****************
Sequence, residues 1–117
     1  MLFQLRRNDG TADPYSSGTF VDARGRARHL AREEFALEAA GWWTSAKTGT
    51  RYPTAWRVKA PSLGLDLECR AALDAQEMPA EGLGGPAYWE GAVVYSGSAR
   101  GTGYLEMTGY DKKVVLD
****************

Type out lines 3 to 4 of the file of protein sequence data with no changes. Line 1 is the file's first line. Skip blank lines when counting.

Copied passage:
    51  RYPTAWRVKA PSLGLDLECR AALDAQEMPA EGLGGPAYWE GAVVYSGSAR
   101  GTGYLEMTGY DKKVVLD